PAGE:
How 0.5 NANO Helped Reddit User Windows7733 Survive the Venezuelan Financial Crisis

David Fan
David Fan
Jul 28, 2018 · 4 min read
While Venezuela has been suffering a financial crisis, Reddit user Windows7733 has received humanitarian aid from the NANO community in the form of cryptocurrency donations. (Image: Windows7733)

To some, cryptocurrency is reserved for illegal activities and gambling, but that might change after they hear what stemmed from a native Venezuelan’s post on how much 0.5 NANO helped him. Circumventing any centralized charity, the NANO community was able to directly provide much needed humanitarian aid to the Reddit user’s friends, family, and neighbors. Let’s take a look at how it got to this point:

Venezuela has been economically buckling under the authoritarian regime of Nicholas Maduro. He stepped in after Hugo Chavez in 2013, and since then, he’s been heavy-handed in keeping Venezuelans under his control. Along with police beatings, government crackdowns, and fraudulent democracy, Maduro’s administration has lost almost 50% of the country’s GDP over 5 years — though he blames the U.S. for the countries woes.

While Maduro’s administration has kept the country in a perpetual state of economic crisis, the biggest blow to his people has been the recent devaluation of the Venezuelan bolivar via hyperinflation — emphasis on hyper. In 2014, the inflation rate was already an abysmal 63.4%, but it has been rising to historic levels. It’s gotten so bad that this week the International Monetary Fund made an atrocious prediction for the bolivar’s inflation by year end. Want to take a guess? Hint: it has 7 digits.

The Venezuelan annual inflation rate is predicted to skyrocket throughout the rest of 2018. (Source: IMF, Image: Atlas)

A 1,000,000% inflation rate. Hyperinflation to this level has only happened twice in the past 100 years: once in 1923 with the Weimar Republic and more recently in the 2000s with Zimbabwe.

The Venezuelan government’s best solution thus far for stopping the inflation was removing three zeroes off of the bolivar. As if that transparently ineffective move wasn’t enough, a month later, Maduro made a speech to cut five more zeroes from the bolivar. The result: still no respite for his people.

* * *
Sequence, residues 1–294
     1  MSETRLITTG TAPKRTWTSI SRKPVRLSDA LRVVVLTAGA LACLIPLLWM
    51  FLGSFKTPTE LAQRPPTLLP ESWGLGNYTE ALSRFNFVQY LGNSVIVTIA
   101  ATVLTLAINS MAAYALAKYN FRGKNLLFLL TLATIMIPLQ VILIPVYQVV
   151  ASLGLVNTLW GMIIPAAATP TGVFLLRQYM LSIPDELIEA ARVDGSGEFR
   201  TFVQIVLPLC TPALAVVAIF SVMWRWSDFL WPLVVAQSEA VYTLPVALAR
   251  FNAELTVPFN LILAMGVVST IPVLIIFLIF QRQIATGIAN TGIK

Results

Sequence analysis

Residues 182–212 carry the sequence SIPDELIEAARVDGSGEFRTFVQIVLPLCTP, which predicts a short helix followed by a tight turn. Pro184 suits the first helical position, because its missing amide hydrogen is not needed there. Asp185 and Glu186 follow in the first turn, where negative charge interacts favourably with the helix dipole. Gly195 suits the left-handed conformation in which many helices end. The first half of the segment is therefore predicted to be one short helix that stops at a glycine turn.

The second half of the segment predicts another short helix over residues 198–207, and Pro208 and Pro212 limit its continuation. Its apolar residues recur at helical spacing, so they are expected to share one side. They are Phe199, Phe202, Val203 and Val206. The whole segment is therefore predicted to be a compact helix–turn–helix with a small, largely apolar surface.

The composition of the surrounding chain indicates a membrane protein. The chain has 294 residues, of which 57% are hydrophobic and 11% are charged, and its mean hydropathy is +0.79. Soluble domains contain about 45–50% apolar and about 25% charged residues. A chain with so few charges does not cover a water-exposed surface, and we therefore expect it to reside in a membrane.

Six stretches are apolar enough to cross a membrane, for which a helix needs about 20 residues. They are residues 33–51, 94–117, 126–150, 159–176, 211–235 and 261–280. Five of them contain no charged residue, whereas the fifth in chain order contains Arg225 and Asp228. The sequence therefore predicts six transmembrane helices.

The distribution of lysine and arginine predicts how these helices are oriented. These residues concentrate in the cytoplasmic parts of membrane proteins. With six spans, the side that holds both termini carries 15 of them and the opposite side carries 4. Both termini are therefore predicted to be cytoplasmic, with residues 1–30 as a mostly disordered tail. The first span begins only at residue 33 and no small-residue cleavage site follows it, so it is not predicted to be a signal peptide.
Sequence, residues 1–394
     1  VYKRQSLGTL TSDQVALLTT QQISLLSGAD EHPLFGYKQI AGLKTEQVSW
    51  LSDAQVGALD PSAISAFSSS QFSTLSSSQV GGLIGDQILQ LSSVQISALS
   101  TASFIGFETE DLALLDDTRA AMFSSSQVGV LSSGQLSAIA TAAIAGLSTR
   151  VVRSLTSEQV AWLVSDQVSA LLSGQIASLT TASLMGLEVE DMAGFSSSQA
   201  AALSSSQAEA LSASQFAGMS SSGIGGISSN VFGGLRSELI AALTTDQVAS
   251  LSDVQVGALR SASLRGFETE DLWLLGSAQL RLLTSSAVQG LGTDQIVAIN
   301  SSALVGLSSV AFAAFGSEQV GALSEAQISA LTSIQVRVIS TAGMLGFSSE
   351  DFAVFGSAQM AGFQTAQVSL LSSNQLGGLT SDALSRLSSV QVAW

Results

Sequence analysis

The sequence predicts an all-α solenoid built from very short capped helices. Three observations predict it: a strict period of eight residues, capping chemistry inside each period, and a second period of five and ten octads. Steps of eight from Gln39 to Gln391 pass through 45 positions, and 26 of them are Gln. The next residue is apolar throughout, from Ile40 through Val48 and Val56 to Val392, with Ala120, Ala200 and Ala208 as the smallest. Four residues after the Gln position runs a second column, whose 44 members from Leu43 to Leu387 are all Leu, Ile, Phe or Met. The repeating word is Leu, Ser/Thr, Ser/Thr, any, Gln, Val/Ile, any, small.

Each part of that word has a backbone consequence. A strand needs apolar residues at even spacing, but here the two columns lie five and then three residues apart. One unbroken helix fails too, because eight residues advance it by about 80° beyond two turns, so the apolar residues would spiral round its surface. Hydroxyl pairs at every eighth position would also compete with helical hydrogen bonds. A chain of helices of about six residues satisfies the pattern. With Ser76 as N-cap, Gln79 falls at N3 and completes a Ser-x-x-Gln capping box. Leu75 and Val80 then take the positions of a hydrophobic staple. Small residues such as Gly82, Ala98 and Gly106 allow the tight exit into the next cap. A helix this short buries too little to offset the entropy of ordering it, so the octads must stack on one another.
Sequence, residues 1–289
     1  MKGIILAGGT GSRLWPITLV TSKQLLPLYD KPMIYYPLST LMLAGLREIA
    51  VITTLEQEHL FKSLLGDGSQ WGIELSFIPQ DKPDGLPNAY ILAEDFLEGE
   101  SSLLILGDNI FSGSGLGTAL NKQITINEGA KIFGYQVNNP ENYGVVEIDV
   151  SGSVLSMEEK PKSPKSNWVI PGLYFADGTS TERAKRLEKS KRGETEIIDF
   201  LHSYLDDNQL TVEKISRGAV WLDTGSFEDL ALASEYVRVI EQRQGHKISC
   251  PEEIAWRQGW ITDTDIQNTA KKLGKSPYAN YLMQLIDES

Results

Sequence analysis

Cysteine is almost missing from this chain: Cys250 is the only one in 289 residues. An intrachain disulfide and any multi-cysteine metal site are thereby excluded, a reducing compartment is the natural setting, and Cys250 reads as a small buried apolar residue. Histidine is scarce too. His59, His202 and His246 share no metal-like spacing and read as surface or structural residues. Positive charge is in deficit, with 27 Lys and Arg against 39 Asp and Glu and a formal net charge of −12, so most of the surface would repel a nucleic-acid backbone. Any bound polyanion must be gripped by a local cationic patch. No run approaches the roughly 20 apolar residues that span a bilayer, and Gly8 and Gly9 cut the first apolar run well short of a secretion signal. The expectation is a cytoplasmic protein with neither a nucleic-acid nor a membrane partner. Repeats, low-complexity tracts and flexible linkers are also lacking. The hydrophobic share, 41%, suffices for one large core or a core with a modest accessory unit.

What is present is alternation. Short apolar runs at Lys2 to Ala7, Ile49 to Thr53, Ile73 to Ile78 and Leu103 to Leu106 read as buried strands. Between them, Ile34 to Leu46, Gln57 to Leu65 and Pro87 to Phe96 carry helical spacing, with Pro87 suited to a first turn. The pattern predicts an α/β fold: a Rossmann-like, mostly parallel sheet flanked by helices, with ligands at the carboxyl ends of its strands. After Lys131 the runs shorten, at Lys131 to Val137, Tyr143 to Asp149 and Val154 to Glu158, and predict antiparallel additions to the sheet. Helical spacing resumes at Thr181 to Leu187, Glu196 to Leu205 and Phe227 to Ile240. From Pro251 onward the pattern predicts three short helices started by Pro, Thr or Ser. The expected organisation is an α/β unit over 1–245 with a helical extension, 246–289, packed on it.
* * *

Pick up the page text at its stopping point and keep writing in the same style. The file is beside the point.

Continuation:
For many Venezuelans, this inflation has very real consequences. People have to wait hours in line at a bank to withdraw cash that’s worth so little it can barely buy them anything at all. In fact, 79% of Venezuelans found themselves unable to afford food this year. With investments and money becoming worthless in such a short time span, it’s not hard to to see why many Venezuelans have left or want to leave the country.

Venezuelans line up outside supermarkets for a chance to buy whatever food is still available. (Image: Business Insider)

In response to their economic woes, one of the desperate attempts to reintroduce economic stability the creation of a new “cryptocurrency” called the Petro. The cryptocurrency is supposed to be priced in the ballpark of one Venezuelan barrel of oil and is modeled after the NEM blockchain.

There are a issues with this new coin though. First, it’s antithetical to what the cryptocurrency community stands for, as it’s created and owned by the government. Also, there is no transparency behind the coin, and the whitepaper never explains exactly how the Petro is pegged to a barrel oil. Finally, the coin was pretty much dead on arrival because no one has any faith in Maduro (the United States instantly banned it). You can read more about the Petro here.

On the other hand, Bitcoin has practically been a bedrock of cement compared to the bolivar, and the cryptocurrency’s transaction volume has soared in the last several years in Venezuela. Bitcoin as a currency has been a relief for many, and Bitcoin mining has become a popular way to generate cash. As per usual, the police have cracked down on it. Still, cryptocurrencies can provide immense value to ailing people in collapsing countries.

This brings us back to the Reddit story with user Windows7733. In early July, he posted about how he received .5 NANO from someone who wanted to help him. That’s about $1.25, yet for him it was more than a month’s salary. The post evoked empathy from the NANO community, and he soon received hundreds of NANO. He went on to post pictures of all the basic necessities, food, and medical supplies he was able to purchase with his NANO, which gave to struggling friends, family, and neighbors in his community.

Beyond just a feel good story, this is a great example of the practical application of cryptocurrency. In a country facing a humanitarian crisis, hundreds of lives were positively affected by individual actors without a middleman. Mainstream adoption of cryptocurrency has a lot of potential, especially for developing countries where economies aren’t stable. Hopefully, the state of Venezuela, once the wealthiest Latin American state, stabilizes itself before this is the case.


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David Fan

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David Fan

Blockstreet HQ

The Beginner’s Guide to the Digital Economy

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